Set a budget and stick to it. Don't forget to leave some room for the setting.
Color refers to the natural body color of a diamond. The color grade, a measure of a stone's colorlessness determines how much tint of yellow it has. The color scale ranges from absolutely colorless (D color) to light yellow (L color). In general, the less color a diamond has the more money it is, all other factors being equal. Most people find the sweet spot to be in the H and I color range, where no obvious color is visible.learn more...
The "carat" refers to the weight of the diamond. The bigger the carat, the more money the diamond. There is no "good" or "bad" carat, it strictly has to do with budget. Some trade off quality to get a bigger rock, while others want the finest diamond and settle for a smaller carat weight.learn more...
Most diamonds have inclusions. These are natural microscopic features in a diamond. The clarity grade refers to a stone's relative absence of these clarity characteristics from FL (flawless) to I1 (included) scale. Most people find the "sweet spot" to be VS2/SI1 where the diamonds appear "eye clean".learn more...
Don't sacrifice the cut. A diamond's cut also referred to as the stone's "make" is the proportions of its facets and its overall finish. Cut is a result of a craftsman's skill in transforming a rough crystal into a magnificent gem. A well-proportioned (well-cut) stone will create that fire and brilliance of flashing rainbow colors and liveliness. Stick to excellent or DreamStone Ideal.learn more...
- Very good
- DreamStone Ideal
The report certificates grade the diamond. For natural diamonds, the GIA certificate report is the gold standard. For lab grown diamonds, we recommend IGI.
Natural diamonds are mined from the earth and come with conflict-free gaurantines. Most people buy a natural diamond for an engagement ring. Lab diamonds are grown in laboratories. They are chemically the same as natural diamonds, but machines can tell them apart. Lab diamonds are a good option for those looking for a larger diamond within budget, but don't expect much in resale value. Prices for lab diamonds are trending down as more growers come onto the market.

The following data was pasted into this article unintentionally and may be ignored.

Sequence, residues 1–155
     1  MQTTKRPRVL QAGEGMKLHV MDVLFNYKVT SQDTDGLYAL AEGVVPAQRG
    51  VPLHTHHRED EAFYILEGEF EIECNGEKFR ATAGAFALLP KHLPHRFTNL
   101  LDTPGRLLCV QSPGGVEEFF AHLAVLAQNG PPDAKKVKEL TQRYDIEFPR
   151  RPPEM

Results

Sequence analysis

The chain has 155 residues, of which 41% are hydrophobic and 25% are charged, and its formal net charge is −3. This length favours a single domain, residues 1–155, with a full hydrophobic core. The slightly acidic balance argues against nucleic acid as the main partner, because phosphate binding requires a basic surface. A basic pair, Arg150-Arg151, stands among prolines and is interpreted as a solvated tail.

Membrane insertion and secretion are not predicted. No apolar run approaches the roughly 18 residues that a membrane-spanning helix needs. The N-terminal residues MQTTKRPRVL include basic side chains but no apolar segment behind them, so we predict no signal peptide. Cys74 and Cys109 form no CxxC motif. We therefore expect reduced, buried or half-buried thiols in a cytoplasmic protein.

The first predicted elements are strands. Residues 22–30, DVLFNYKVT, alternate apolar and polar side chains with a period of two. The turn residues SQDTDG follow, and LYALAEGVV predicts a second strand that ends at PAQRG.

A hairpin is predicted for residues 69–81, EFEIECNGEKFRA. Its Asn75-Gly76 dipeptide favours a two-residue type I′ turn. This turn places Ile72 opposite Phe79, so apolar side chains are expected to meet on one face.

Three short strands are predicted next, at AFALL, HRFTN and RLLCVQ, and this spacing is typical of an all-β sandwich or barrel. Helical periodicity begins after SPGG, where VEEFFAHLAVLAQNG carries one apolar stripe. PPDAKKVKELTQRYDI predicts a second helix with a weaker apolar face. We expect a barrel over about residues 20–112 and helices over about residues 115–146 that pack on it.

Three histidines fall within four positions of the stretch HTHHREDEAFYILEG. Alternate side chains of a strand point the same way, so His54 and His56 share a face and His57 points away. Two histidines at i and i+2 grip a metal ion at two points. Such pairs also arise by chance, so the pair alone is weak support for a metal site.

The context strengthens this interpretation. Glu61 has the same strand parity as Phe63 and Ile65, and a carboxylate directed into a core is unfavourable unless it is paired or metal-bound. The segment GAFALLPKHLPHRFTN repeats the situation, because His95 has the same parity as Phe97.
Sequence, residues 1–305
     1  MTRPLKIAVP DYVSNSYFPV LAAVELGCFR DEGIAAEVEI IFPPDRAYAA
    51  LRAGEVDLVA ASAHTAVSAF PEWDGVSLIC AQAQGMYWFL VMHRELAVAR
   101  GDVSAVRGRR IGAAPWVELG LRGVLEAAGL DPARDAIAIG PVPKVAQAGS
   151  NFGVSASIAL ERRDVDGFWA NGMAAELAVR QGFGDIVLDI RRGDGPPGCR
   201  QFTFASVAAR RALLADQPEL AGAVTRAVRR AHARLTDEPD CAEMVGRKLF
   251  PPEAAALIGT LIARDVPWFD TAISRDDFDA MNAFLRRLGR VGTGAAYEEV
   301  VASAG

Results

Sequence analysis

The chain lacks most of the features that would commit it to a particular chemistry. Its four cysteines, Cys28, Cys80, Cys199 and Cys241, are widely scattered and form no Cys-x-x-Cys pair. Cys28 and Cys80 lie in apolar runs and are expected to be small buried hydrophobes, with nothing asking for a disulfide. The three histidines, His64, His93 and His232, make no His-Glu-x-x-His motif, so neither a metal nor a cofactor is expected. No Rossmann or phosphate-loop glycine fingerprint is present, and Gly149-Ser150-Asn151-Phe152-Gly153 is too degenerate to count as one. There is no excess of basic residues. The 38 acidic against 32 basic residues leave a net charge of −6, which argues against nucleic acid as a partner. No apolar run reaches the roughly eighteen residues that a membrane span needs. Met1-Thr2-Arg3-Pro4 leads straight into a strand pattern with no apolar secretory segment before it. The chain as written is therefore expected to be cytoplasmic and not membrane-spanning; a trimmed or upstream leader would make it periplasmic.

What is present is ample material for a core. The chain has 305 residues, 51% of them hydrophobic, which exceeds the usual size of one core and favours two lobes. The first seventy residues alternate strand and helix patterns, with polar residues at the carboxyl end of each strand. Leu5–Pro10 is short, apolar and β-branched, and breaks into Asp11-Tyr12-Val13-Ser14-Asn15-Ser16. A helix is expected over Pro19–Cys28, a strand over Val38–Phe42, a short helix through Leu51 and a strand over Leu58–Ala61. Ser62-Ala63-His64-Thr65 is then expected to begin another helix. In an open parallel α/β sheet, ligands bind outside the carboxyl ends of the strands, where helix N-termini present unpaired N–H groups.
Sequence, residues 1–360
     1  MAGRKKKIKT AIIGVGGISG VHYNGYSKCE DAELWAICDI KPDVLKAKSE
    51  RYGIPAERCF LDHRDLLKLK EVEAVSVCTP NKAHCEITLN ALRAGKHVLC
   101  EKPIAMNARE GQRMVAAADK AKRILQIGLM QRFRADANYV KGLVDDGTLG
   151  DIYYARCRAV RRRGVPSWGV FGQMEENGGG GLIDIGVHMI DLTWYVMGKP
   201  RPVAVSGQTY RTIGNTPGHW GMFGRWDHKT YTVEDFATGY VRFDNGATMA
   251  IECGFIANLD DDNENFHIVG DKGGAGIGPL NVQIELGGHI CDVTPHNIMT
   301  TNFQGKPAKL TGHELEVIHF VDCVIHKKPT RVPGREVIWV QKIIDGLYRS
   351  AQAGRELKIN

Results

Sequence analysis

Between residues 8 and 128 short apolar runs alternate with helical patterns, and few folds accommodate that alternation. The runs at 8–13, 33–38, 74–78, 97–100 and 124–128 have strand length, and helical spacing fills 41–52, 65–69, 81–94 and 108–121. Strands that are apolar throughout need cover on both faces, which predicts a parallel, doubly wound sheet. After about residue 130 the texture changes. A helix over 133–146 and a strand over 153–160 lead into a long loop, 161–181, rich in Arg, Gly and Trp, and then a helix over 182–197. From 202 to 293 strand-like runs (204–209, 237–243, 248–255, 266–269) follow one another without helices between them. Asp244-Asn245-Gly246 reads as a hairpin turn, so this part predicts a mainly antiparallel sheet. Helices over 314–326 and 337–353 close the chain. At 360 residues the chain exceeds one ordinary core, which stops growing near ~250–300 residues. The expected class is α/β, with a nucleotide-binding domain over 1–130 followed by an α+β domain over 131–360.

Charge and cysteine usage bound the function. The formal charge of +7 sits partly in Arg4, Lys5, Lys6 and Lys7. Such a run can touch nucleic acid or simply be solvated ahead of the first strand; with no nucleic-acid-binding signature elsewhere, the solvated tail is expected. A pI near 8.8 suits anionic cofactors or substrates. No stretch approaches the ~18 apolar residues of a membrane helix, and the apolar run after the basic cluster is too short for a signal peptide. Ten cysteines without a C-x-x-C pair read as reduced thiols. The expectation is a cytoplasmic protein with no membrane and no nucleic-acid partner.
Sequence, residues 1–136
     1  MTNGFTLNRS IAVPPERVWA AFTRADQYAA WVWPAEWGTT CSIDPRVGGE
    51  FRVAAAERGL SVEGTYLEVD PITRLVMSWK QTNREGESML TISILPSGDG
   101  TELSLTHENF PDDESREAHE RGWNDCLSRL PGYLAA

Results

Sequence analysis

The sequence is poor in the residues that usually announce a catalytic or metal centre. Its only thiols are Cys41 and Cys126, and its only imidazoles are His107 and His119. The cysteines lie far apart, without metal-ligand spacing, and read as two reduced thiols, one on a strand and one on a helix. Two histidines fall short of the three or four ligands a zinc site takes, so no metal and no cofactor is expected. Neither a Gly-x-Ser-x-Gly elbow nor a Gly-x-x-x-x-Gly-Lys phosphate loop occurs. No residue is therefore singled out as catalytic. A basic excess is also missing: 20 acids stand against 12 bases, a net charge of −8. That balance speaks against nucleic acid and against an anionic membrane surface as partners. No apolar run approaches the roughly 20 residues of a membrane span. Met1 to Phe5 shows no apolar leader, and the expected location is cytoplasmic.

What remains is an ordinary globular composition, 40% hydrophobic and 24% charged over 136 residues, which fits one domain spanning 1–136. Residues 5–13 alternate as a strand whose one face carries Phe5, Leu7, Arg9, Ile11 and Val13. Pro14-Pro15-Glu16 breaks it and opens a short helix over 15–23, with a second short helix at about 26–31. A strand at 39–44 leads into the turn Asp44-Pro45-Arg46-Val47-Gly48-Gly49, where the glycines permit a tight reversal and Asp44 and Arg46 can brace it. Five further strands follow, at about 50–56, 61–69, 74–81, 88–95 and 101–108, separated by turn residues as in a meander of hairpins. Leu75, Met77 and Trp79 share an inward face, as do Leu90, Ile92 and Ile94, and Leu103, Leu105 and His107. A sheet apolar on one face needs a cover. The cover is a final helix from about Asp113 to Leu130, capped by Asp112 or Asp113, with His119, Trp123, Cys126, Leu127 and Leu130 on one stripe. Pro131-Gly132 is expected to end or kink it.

The symmetry of a diamond refers to the shape, placement and alignment of the facets. With poor symmetry the facets may have external imbalances that can misdirect light as it travels within the stone. Look for "Very good" and "Excellent" symmetry.
The depth percentage refers to the height of a gemstone, measured from the table to the culet, then divided by the width of the gemstone. The depth is an important factor affecting the brilliance and beauty in a diamond. A gemstone with a depth percentage too low (shallow-cut) or too high (deep-cut) will lack fire and sparkle.
The table percentage refers to the width of the table divided by the diameter of the diamond. The table is an important factor affecting the brilliance and beauty in a diamond. A gemstone with a depth percentage too wide (shallow-cut) or too small (deep-cut) will lack fire and sparkle.
The ratio is the length of the diamond divided by the width. The ratio is not relevant for round diamonds, but is a factor to consider for all other shapes. A bigger ratio means a longer diamond, while a smaller ratio is a wider diamond. Each shape has its own recommended ratio.learn more...
Length to Width Ratio
Fluorescence refers to whether or not a stone will produce a color reaction when exposed to long-wave ultraviolet (UV) light (such as the light that comes from black light). None and faint is considered more desirable for diamonds graded D through G, and medium and strong can make diamonds H color and lower look whiter.